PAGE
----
A global study of senior executives’ experiences with cloud computing has found that most businesses have evolved past seeing it as simply a cost reduction strategy, however many have found cloud more difficult to implement than they first imagined.
The KPMG report “the cloud takes shape,” surveyed more than 650 senior execs across 16 countries about their initial experiences of adopting cloud computing strategies, and found that it hadn’t been smooth sailing for many. However most seemed to think that long term benefits would outweigh shorter term challenges.
Approximately one third of executives surveyed reported that integrating cloud services with their existing IT infrastructure was more difficult than expected, which had lead to higher than expected implementation costs. In addition 30 per cent said privacy risks and data loss had been an issue, with other concerns raised including the risk of intellectual property theft, interoperability problems between cloud service providers and concerns about complying to legal and regulatory requirements.
The survey found that human resources departments were the most likely parts of a business to be already using cloud computing services, with IT management and sales and marketing also strong adopters.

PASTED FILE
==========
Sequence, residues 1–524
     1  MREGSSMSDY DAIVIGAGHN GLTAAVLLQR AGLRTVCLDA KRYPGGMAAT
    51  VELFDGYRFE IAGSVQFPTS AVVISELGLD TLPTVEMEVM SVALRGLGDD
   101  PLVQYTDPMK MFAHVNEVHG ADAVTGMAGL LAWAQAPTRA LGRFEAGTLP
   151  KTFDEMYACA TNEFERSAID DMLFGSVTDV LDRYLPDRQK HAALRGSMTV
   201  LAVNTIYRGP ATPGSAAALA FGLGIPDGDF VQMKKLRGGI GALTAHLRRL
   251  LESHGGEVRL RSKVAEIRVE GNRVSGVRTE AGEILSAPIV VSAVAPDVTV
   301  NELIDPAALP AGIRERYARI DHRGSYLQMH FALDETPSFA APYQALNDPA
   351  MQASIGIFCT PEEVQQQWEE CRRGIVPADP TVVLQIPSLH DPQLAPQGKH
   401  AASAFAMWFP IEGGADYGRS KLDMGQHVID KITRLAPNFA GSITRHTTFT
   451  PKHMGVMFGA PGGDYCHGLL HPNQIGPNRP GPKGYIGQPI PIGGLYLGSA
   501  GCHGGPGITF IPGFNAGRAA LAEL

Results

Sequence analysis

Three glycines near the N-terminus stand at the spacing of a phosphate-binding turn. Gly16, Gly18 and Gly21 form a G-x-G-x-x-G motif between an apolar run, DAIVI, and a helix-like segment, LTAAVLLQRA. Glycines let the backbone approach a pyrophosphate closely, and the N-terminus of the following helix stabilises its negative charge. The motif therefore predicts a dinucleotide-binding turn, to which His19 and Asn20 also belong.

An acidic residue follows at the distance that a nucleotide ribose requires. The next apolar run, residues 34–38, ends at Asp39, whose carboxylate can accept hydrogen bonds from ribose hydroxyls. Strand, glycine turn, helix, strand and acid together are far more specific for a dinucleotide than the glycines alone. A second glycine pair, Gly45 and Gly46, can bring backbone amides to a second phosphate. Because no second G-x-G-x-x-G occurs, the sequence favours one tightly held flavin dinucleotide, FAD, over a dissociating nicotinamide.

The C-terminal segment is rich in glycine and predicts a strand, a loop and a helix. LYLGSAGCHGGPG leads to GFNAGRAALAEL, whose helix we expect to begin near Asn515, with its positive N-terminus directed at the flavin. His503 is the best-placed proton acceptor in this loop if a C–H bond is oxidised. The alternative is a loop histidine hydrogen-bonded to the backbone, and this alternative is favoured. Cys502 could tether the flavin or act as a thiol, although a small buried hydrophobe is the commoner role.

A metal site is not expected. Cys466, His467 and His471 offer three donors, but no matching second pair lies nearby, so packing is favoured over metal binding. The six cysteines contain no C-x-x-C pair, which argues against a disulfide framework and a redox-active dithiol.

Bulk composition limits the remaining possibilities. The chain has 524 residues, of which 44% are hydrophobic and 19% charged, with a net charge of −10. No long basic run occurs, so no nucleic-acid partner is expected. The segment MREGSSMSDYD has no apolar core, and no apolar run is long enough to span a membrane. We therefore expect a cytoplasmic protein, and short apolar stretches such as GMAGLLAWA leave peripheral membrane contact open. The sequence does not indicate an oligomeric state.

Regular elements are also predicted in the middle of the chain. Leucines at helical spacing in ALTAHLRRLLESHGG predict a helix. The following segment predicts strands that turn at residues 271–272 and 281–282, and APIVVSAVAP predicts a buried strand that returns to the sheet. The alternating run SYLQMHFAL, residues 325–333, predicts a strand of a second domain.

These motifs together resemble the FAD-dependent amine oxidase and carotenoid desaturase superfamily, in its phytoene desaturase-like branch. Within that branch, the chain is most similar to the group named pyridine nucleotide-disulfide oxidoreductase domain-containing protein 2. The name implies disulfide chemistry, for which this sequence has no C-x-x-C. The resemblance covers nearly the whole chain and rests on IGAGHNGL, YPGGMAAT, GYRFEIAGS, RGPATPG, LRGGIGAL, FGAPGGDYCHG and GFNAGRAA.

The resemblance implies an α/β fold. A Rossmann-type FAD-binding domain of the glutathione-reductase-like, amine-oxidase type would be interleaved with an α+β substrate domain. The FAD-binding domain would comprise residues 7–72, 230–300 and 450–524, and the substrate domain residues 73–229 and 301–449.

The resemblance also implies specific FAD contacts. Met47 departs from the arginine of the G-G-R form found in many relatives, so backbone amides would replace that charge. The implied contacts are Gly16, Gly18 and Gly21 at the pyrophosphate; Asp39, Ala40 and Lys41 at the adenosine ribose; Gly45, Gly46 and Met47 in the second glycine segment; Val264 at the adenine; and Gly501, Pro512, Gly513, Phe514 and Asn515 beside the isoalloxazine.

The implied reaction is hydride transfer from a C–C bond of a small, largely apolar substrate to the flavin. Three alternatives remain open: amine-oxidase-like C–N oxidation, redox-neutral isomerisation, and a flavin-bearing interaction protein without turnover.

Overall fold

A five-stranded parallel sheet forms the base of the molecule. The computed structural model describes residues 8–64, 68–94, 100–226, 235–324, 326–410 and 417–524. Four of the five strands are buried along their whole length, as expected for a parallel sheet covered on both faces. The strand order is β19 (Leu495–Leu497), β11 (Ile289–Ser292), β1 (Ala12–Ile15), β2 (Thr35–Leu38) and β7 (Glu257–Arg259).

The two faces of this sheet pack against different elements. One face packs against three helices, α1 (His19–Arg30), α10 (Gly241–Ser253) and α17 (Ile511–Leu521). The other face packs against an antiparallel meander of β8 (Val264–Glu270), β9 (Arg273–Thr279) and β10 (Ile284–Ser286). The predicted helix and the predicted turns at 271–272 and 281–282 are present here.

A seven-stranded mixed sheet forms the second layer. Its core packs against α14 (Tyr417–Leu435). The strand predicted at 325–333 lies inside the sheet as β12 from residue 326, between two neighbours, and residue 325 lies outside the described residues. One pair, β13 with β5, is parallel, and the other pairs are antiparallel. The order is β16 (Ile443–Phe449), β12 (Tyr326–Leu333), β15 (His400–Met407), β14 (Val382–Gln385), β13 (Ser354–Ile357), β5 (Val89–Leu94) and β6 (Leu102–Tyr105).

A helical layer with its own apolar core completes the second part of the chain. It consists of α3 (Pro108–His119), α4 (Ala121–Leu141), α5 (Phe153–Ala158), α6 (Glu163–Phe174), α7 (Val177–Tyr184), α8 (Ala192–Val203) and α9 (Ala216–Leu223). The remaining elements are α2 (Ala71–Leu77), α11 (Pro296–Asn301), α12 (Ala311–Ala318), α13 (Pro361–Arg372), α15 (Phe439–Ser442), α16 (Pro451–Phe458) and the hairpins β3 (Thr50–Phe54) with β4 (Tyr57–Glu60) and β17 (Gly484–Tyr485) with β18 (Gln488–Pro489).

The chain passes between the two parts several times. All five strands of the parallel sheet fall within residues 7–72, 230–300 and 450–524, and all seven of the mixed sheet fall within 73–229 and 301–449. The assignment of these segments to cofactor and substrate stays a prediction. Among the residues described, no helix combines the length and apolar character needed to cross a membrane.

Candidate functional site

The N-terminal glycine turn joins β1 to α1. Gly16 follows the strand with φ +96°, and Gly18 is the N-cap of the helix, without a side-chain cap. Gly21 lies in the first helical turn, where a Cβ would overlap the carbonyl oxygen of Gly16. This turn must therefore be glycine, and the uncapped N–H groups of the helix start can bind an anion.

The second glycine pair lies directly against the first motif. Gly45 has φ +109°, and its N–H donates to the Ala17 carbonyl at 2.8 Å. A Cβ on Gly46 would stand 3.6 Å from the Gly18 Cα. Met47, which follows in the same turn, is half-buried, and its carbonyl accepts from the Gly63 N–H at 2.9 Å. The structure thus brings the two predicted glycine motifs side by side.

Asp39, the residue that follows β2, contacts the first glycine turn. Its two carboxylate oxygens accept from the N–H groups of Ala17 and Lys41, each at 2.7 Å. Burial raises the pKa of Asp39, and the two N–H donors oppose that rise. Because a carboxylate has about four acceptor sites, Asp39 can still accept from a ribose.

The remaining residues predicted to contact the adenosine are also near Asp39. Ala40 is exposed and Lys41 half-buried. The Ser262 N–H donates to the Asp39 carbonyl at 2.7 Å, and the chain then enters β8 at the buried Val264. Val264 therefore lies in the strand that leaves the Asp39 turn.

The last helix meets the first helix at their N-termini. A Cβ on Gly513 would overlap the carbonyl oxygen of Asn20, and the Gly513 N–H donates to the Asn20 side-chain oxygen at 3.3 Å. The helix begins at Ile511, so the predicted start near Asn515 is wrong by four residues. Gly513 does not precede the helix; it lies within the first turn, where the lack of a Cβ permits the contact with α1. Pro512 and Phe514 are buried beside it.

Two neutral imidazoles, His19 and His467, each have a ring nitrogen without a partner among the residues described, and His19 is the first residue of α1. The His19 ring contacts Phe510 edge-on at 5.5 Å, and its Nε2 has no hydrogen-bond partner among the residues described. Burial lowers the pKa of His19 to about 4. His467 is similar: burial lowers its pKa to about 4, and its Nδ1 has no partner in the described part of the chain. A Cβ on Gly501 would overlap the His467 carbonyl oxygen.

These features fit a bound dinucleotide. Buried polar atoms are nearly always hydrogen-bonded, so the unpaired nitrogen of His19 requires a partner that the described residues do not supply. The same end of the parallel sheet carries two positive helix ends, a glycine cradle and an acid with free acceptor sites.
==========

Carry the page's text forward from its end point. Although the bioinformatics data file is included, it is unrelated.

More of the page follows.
It said it was worth noting that concerns related to security did not seem to be slowing cloud adoption. In fact, more than a third of respondents suggested their organisations would adopt cloud within the next 18 months in areas such as sourcing and procurement; supply chain and logistics; finance, accounting and financial management; business intelligence and analytics; and even tax.
”Clearly, this indicates that organisations continue to move more core and sensitive data and processes to the cloud, despite ongoing security concerns,” the report found.
Speaking about the findings of the report, IT director at listed financial services firm AMP, Craig Ryman said the organisation had realised that it needed to evolve its cloud computing plans away from just focusing on cost savings.
“AMP recognises there is value moving to the cloud. It is a potential game changer in many ways, but it is critical that we realise maximum value from our investment,” Mr Ryman said.
“Beyond a focus on costs, we’ve deliberately taken a strategic, ‘whole of portfolio’ approach, recognising that changes to our operating model will be required to achieve our long term growth objectives.”
KPMG Australia’s national head of infrastructure and architecture, Jonathan Taylor, said the research showed that businesses needed to approach changes to their IT operating model alongside changes to their broader business processes.
“Gaining real cost savings from the cloud is about more than simply moving from fixed costs to operating costs; the greatest cost savings, and more importantly, the transformational business benefits – will come from the longer-term outcomes such as more efficient processes, more flexible operating models,” Mr Taylor said.
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